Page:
During the course of the trial two major points rose which tested the rights of Eckert and Mauchly to the ENIAC patent. The first point was over where the basic ideals used in the ENIAC's design originated. Sperry Rand contented that the ENIAC was solely the invention of Eckert and Mauchly; however, Honeywell stated that Eckert and Mauchly had taken the idea from John Vincent Atanasoff and his assistant Clifford Berry. Building upon the basic historical view that all inventions are the result of the work of many people over time, Honeywell capitalized upon a visit Mauchly made in 1941 to Atanasoff. During this visit Atanasoff showed Mauchly a small electronic computer he had developed a few years before. Because there were some similarities in the design and operation of Atanasoff's machine with the ENIAC, Honeywell asserted that Eckert and Mauchly used Atanasoff's ideas for their own machine.

The second major point concerned the filing of the patent in 1947. Because von Neuman had written a paper about the design of the ENIAC and circulated it a year before the patent application was filed, it was argued that the ENIAC had become part of the public domain and could not be patented. The U.S. District Court Judge in this case, Earl Richard Larson, determined that the ENIAC patent was invalid mainly because of the two points raised during the trial. He concluded that while Eckert and Mauchly may have created the ENIAC, they did not create the basic ideas used in the assembly of their computer.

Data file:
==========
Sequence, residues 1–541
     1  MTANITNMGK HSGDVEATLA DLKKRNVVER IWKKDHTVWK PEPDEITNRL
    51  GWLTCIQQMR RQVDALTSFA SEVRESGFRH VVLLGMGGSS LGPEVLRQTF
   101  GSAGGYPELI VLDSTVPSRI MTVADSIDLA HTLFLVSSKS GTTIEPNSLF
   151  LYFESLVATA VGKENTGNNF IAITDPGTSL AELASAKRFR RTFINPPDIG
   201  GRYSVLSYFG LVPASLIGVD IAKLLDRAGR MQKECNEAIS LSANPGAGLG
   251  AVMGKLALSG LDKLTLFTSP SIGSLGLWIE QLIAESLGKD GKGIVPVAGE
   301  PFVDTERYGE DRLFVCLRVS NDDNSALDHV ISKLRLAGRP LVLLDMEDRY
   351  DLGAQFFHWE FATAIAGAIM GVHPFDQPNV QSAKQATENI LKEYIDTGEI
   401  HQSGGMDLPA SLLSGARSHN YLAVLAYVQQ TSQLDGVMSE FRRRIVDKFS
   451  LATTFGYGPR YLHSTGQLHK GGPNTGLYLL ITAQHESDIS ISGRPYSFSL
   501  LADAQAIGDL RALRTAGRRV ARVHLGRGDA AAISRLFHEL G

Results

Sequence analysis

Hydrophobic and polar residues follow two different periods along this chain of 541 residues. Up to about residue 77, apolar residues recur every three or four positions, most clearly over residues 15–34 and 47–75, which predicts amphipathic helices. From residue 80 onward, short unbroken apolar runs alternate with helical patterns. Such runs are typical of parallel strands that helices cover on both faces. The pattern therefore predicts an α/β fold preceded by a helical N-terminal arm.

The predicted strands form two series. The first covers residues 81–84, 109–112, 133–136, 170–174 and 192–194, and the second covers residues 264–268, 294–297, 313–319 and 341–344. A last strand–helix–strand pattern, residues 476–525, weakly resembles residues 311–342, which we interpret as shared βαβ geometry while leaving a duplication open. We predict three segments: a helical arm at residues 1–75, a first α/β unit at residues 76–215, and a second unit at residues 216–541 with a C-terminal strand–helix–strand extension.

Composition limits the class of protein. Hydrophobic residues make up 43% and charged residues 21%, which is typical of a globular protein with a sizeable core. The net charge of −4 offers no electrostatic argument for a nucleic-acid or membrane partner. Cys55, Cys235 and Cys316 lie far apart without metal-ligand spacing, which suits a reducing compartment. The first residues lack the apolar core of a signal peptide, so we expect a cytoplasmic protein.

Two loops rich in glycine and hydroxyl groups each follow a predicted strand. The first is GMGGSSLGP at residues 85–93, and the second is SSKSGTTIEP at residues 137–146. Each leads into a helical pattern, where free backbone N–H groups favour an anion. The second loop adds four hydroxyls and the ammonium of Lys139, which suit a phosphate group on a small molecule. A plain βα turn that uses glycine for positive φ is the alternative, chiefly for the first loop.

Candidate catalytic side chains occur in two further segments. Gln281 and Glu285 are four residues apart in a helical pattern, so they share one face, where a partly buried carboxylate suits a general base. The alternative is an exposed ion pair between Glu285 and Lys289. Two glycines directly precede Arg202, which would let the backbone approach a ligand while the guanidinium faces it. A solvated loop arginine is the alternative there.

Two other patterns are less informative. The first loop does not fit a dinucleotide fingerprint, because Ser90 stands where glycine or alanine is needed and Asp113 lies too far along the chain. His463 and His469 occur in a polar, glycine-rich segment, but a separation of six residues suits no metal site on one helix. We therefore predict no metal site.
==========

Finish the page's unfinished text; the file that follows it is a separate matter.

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The ENIAC Papers are divided into two major series, viz., one, Sperry Rand Corporation, John P. Eckert, Jr., and John W. Mauchly vs. Bell Telephone, Incorporated; and two, Honeywell, Incorporated vs. Sperry Rand Corporation and Illinois Scientific Developments, Incorporated. The first series consists of only 2 cu. ft. and is primarily composed of exhibits used the case. A letter which was found in the series and is located in the first file indicates that these papers were sent to John Grist Brainerd, the head of the Moore School, in 1970 to assist him in his testimony for the Honeywell vs. Sperry Rand case. The papers are arranged by a code system which may have related to the original court filing. Unfortunately, a key to these codes was not found among the papers.